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Growing Enlightened Society

A new project in organic gardening and permaculture methods at Ziji Garden

by Audrey Dallamaggiore and Simon Bertin

Last November, Dechen Chöling hosted an Enlightened Society Assembly. During this ten-day program, participants were offered the chance to apply the teachings to a practical project around the land center: they created a “lasagna bed garden” in Dechen Chöling’s very own organic apple orchard. This project has been launched thanks to the financial support of the Shambhala Trust and their Ziji Innovation Grants.

Two participants of the program, Audrey and Simon (who is the head gardener of the center) recall the experience and discuss enlightened society. They wonder how we can change our “culture” by transforming the way we “cultivate” and by raising our awareness of nature.

Audrey: Can you explain the project that was carried out in Dechen Chöling’s Ziji Garden during the Enlightened Society Assembly?

Simon: As I took part in the Enlightened Society Assembly, I had just finished writing a proposal to Dechen Chöling on how I planned to develop the garden in the coming years. This included planting more beds so, as we were looking for some community work to apply our teachings in a useful way at the center, I suggested this project.

So that’s what we did: we took people outside and we gave them an opportunity to grow enlightened society. And it was a great moment! We used a technique called “lasagna beds”, which is inspired by permaculture. It was a sunny afternoon, and the atmosphere was very joyful and uplifted. There were 40 of us and the work went very smoothly, in a kind of gentle, self-organized way. You can’t imagine how much work can be achieved in just a few hours with that many people!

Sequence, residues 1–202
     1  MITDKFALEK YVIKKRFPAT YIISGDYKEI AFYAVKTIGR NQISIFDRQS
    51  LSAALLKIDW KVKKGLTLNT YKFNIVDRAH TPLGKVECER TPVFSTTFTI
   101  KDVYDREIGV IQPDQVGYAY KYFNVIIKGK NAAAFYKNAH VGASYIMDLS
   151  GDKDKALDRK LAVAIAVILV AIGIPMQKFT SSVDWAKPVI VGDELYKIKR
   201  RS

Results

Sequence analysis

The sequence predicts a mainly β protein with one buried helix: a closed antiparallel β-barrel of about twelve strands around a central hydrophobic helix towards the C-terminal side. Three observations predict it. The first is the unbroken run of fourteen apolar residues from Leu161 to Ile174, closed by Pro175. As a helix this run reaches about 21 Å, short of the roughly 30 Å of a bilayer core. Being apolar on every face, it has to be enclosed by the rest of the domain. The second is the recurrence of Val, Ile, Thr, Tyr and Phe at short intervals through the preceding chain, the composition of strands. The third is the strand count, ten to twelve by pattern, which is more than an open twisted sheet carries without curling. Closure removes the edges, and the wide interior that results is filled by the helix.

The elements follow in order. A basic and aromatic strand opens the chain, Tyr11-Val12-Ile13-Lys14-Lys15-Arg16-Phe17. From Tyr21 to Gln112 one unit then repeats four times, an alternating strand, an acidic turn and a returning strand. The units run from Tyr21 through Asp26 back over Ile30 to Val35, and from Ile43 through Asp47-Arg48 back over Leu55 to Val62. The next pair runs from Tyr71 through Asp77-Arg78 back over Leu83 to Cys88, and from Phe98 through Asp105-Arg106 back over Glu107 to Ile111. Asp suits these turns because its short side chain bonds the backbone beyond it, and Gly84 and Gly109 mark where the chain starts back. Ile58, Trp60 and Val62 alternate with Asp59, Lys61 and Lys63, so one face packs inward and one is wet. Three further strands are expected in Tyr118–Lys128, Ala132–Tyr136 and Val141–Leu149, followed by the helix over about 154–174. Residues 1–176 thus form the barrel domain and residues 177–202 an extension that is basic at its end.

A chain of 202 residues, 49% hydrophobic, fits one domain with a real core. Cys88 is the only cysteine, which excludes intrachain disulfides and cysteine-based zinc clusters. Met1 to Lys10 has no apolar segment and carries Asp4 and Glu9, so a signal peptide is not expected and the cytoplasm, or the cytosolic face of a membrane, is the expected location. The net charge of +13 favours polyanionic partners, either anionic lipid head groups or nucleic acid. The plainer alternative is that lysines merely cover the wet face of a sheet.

In what way did this work relate with the core theme of the program, “Enlightened Society”?

To me, gardens, and more broadly the places where we grow our food, are very important places where social change needs to happen. I often like to say that in order to change our social culture, we need to change the way we culture our crops. There is an urgent need to raise awareness of our fading link with nature, of the aggression inherent to the speed of our urban lifestyles, and the pervasive system that sets the consumer further and further away from the producers.

His Holiness the 17th Karmapa said in his last conference in Paris that “food is medicine.” Starting from there, what do we want to eat? And how can we live a decent life where we respect ourselves and don’t compromise the lives of future generations?

A project like the one we did in Ziji Garden is a great opportunity to become aware of these topics, and to start making a contribution as a community.

You are talking about permaculture: can you explain what it is?

Permaculture, as well as agro-écologie, biodynamics and natural farming are different schools of agriculture that were developed in different places in the world in the last century (respectively Australia, France, Germany and Japan).

What these schools have in common is that they develop two main aspects: one is technical and teaches you how to deal with pest control, crop rotation, compost and so on; another one is holistic and spiritual, teaching you to observe and relate to your senses, to be humble and to find your own way of relating with Nature.

You could see these aspects respectively like the mind and the heart: the mind refers to the techniques that are employed, and the heart is the motivation, the view behind the technique. And of course, it all merges into one: when Buddhists speak about mind they place their hand on their heart.

Is this the way Dechen Chöling approaches its own gardening and food production?

At Dechen Chöling, we are not bound to any specific school, but we draw inspiration from some of their shared principles. There are two aspects to developing the garden: contemplation and production.